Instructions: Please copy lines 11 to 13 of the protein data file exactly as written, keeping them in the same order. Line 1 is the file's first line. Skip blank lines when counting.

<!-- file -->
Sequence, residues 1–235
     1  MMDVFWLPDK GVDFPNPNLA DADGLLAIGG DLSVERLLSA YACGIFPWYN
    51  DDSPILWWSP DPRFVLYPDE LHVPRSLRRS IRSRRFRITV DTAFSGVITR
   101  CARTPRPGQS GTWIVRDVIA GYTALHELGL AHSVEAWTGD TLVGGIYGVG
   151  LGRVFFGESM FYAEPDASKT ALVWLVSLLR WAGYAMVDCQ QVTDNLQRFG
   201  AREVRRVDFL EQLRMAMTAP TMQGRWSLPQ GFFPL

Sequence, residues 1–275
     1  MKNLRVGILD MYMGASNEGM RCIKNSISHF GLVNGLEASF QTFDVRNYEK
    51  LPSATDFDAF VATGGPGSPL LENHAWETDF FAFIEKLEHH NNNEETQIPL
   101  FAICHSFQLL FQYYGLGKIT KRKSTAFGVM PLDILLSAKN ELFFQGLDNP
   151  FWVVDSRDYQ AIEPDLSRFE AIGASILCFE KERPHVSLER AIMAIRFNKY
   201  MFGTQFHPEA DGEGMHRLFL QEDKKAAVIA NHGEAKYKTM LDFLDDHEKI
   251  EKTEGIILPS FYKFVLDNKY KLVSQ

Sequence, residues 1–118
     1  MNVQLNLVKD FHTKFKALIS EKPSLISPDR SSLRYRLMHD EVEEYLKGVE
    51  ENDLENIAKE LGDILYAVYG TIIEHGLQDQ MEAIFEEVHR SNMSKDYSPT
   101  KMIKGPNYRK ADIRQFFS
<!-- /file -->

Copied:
   151  FWVVDSRDYQ AIEPDLSRFE AIGASILCFE KERPHVSLER AIMAIRFNKY
   201  MFGTQFHPEA DGEGMHRLFL QEDKKAAVIA NHGEAKYKTM LDFLDDHEKI
   251  EKTEGIILPS FYKFVLDNKY KLVSQ